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Hope Raisers: Kim Brooks

Event Raises Much-Needed Attention of Scleroderma to African-American Women


Kim Brooks (left) and Laura Dyas, Executive Director of the Michigan Chapter

Kim Brooks hosted a special fashion show and beauty event this summer to honor her mother who has scleroderma. The “Ladies Let’s Live! Beauty Breakfast and Fashion Show” was held in June at Burton Manor in Livonia, Mich. The event featured some special entertainment and benefitted the Scleroderma Foundation’s Michigan Chapter.


Models at the Ladies Let’s Live! Beauty Breakfast and Fashion Show.

Brooks, who is a published author and speaker, was inspired to coordinate the event with her mother. Lu Brooks was diagnosed with scleroderma in August 2008. “My mom approached me and wanted to make a difference and host a fundraiser for the Scleroderma Foundation’s Michigan Chapter,” said Kim Brooks. “My mom has a passion for beauty and inspiring women to feel their best at all times.”

The breakfast event featured a fashion show, in addition to visits from a past winner of Oprah’s Pop Star Challenge, LaShell Renee; soulful jazz saxophonist Yancyy, and Carole Gist-Stramler, the first African-American woman to be crowned Miss USA.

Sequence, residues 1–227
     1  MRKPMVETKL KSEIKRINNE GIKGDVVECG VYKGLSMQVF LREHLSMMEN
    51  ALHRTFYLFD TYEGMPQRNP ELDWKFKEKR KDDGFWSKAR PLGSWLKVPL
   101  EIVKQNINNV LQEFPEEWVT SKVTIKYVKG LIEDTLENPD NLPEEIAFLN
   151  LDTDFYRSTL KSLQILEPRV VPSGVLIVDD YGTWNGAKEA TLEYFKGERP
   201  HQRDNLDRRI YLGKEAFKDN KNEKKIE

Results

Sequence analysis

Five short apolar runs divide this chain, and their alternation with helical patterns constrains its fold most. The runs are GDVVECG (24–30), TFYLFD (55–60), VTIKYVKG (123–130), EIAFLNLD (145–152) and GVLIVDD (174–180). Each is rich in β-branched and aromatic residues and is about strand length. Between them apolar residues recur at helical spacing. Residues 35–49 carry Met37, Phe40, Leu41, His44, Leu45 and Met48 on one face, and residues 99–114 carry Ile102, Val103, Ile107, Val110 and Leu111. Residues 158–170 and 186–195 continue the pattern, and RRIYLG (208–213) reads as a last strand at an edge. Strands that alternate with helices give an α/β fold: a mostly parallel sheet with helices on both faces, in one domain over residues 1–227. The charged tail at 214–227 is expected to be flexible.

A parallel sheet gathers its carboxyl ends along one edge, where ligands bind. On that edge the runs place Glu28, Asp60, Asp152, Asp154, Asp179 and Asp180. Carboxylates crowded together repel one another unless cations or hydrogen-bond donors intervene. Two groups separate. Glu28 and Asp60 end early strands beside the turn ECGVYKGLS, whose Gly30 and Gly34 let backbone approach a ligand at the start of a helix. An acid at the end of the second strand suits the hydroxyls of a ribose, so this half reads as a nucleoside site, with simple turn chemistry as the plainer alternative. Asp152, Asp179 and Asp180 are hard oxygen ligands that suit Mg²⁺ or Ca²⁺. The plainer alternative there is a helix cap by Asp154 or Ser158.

Renowned saxophonist Yancyy also performed.

The event was a great way to reach women in the African-American community to learn more about the effects of scleroderma, especially since research has indicated that it can be more devastating in the minority group. “While promoting the event, I discovered that many African-American women had never even heard of scleroderma. This means there may be some people who may have it and don’t even know it, especially in the case of those who do not have proper medical insurance to be diagnosed properly,” said Brooks.


LaShell Renee, a former winner of Oprah’s Pop Star Challenge, sang at the fundraiser.

“I believe the greatest accomplishment from this event was that we raised more awareness [about scleroderma] and we showed support to others diagnosed with this uncommon disease, to let them know that they are not alone in their plight and that others really do care about what they’re going through,” she said.

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